It was February 28. I was going to Cuba with my usual fear — this time “they” wouldn’t let me out and it would serve me right for going back to a country my family escaped and only I keep returning to obsessively.
It was also the eve of the pandemic. Should I cancel the trip?
I was more concerned by the pain in my left hip. “Arthritis,” a doctor told me, and I thought of my mother’s lovely hands turned into knotted twigs.
I grabbed my Cuban passport and told David, my husband, “Tell me everything will be okay.”
“It will be,” he said.
The Obama-era crowds of American travelers had been driven away by Trump’s travel advisories. Our Delta flight to Havana was packed with Miami Cubans going to visit family, bearing gifts. There were life-size dolls from some horror movie—a blonde one with a pink cowboy hat and pink boots; a too-fleshy head peeking out of a plastic bag.
When the plane landed, everyone clapped. It’s what Cubans do. We’re grateful not to have died.
In excruciating pain, I limped through the airport, furious when anyone pushed in front of me.
It scared me to see the customs authorities wearing handmade masks fashioned from the same green olive cloth as their uniforms. No cases of the coronavirus in Cuba yet. But they knew it was coming.
David presented the immigration form at the exit. I pretended to be a bumbling foreigner, a Yuma wife traveling with her Yuma husband. If they know you’re Cuban, they’ll be mean.
The bored officer waved us through.
“Keep going,” I told David. “Don’t look back.”
I stepped outside and breathed in the humid air and felt my hair instantly curl. We were in Cuba!
“Calle 15, esquina I,” I told the cab driver, directing him to the building where I lived as a child.
Cristy, my neighbor when we were little girls, still lives in the building. She has an Airbnb rental there with air conditioning and clunky wicker furniture. After a quick hello, she updated us on the latest failings of the revolution. There was a chicken shortage, a tragedy for Cubans who must eat animal protein every day. She’d stood on line for hours to buy a few chicken wings.
We talked about the coronavirus. “If it reaches Cuba,” she said, “none of us will survive.”
I did the ritualistic things, visiting my childhood park with the gazebo in the center. And heeding the call of fieldwork, I hung out at the synagogue and asked questions. They no longer opened every day. All the American Jewish groups had stopped coming and they were short on cash to pay bills.
A colleague from Michigan, in Havana for a health conference, had rented an Airbnb apartment in a part of La Habana Vieja on the verge of gentrification. “Come see it, you’ll love it,” she said.
She was right. The exterior was a chalky ruin, the interior a sleek modern space with polished concrete floors, cedar dining table, and wispy bistro chairs.
My colleague gave me her landlady Lily’s number. The next day, my last in Havana, Lily showed me another of her Airbnb apartments. It was even more stunning, looking onto a corner that sparkled with street life and outdoor restaurants.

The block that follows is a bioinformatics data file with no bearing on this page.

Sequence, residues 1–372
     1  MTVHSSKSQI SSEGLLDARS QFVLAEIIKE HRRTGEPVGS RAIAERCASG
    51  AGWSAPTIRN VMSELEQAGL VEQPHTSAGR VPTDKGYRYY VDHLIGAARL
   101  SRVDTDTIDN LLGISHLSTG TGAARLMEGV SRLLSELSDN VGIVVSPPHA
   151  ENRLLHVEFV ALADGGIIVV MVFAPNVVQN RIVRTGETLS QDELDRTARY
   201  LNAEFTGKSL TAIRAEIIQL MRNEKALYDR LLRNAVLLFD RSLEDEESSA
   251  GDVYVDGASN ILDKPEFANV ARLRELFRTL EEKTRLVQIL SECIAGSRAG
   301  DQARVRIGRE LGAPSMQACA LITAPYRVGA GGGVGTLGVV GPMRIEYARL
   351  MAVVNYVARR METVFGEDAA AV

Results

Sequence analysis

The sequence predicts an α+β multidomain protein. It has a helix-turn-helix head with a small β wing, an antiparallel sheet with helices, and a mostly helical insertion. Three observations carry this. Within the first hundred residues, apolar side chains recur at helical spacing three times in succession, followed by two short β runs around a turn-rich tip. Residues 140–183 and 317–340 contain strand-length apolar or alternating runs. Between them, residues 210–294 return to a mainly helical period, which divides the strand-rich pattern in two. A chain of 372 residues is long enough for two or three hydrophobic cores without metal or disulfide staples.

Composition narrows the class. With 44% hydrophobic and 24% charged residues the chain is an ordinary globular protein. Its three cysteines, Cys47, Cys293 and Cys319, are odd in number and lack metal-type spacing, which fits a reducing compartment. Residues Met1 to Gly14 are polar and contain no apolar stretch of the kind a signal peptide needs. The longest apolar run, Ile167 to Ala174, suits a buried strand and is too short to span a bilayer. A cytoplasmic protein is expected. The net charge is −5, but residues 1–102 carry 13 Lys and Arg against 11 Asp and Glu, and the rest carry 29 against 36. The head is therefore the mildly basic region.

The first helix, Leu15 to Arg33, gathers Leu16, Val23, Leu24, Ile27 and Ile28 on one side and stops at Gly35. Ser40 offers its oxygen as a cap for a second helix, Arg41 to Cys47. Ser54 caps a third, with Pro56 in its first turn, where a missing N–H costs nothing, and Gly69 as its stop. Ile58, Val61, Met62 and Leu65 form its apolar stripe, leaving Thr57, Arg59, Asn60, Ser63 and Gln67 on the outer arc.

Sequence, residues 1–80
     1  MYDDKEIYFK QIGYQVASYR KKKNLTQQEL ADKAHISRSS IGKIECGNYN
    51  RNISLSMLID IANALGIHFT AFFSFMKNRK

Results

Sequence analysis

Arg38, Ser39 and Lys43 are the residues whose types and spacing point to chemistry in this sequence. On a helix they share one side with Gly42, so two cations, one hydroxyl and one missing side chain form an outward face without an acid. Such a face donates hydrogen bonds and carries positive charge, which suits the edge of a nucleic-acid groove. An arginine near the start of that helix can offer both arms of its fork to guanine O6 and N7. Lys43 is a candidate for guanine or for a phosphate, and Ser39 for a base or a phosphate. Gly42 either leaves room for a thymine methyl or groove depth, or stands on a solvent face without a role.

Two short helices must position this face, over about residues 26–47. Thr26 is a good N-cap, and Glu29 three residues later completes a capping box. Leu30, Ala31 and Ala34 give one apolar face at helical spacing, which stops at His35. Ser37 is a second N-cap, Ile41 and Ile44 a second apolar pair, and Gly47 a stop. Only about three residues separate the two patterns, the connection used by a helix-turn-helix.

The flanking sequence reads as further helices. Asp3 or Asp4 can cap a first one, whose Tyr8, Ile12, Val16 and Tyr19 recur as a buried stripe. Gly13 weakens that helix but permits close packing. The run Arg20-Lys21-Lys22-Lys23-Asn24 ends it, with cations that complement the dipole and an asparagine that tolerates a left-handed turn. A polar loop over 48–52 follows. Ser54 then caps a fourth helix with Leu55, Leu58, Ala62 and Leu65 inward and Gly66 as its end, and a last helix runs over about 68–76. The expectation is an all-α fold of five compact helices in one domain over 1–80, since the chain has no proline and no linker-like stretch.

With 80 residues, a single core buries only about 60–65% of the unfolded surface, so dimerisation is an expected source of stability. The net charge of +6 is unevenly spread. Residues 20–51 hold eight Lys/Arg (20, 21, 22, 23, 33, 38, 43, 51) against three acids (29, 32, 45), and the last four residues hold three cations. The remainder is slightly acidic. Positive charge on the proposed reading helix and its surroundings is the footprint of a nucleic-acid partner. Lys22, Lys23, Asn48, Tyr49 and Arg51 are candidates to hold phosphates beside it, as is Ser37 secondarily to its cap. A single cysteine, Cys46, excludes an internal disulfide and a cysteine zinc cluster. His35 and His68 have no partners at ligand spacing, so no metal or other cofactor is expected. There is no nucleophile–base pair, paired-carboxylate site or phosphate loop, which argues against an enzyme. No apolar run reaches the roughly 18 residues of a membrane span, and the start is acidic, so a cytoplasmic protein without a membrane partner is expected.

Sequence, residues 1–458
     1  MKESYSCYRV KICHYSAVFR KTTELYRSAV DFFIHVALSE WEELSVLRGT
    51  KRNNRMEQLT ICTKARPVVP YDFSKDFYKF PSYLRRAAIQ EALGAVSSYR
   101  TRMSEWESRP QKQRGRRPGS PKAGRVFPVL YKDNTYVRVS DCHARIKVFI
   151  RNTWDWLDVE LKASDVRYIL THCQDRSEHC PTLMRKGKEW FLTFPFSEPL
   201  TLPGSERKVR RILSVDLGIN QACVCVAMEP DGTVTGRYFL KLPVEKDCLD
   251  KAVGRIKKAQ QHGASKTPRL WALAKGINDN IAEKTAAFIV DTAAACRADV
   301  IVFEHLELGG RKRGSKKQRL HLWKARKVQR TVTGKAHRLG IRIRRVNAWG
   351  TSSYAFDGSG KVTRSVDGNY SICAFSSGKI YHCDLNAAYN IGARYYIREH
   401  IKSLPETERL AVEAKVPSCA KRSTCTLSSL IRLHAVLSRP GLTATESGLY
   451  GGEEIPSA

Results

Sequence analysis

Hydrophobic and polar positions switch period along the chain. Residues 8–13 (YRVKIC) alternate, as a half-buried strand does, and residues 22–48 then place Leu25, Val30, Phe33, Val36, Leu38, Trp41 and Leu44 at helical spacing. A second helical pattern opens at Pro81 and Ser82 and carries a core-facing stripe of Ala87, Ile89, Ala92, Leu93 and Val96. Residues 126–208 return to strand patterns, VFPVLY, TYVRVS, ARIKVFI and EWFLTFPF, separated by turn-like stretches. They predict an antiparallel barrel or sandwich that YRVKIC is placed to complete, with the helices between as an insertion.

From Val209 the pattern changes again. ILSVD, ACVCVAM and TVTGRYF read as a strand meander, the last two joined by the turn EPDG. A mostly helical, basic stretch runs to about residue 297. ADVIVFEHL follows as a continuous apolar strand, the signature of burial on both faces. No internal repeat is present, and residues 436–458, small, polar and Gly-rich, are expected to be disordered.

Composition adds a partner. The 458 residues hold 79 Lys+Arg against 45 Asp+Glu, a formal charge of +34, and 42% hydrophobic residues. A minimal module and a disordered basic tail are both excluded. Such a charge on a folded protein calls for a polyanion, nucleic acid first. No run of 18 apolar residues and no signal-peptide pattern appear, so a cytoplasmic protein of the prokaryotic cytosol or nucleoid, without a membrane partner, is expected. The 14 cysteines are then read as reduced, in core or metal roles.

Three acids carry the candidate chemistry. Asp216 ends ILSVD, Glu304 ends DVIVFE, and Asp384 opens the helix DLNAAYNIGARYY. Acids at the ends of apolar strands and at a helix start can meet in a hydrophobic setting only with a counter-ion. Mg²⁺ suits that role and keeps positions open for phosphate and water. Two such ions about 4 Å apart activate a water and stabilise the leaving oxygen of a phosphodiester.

Lily spent ten years in Toronto until, tired of the snow, she returned to Cuba after it became legal to buy and rent out apartments. She’d studied nuclear physics and became a construction manager. She had an eye for how a space could be made beautiful after it was gutted.
I started dreaming aloud. “I want a place like this, so I can come to Cuba and be here whenever I want. Will you help me?”
She smiled. “Of course.”
David, worn down by the heat, napped on the sofa while Lily and I studied an ad for an art nouveau apartment across the street that was for sale. It was up a flight of stairs, like Lily’s apartment. That didn’t worry me. My hip pain had completely disappeared.
“That would be perfect for you,” she said.
I agreed. I saw myself growing old in the heart of La Habana Vieja where my family had once lived.
The next day we flew back to Miami. When we landed, Cristy sent me a message on WhatsApp. She got into an ugly fight with another woman hustling for chicken wings. Three days later, Cuban news sources announced that three infected Italian tourists had brought the coronavirus to the island.
I returned to Michigan and shut myself up in my old Victorian house, quarantine and agoraphobia combined. I fear for my life in ways that not even the Cuban government can make me feel afraid. Not a day passes that I don’t say to David, “Tell me everything will be okay.” I try to believe him when he replies, “It will be.”
Cite as: Behar, Ruth. 2020. “Tell Me Everything Will Be Okay.” In “Flash Ethnography,” Carole McGranahan and Nomi Stone, editors, American Ethnologist website, 26 October 2020, [https://americanethnologist.org/features/collections/flash-ethnography/tell-me-everything-will-be-okay]
Ruth Behar teaches anthropology and writing at the University of Michigan. She is author of many books including, most recently, Letters from Cuba (Penguin Random House, 2020).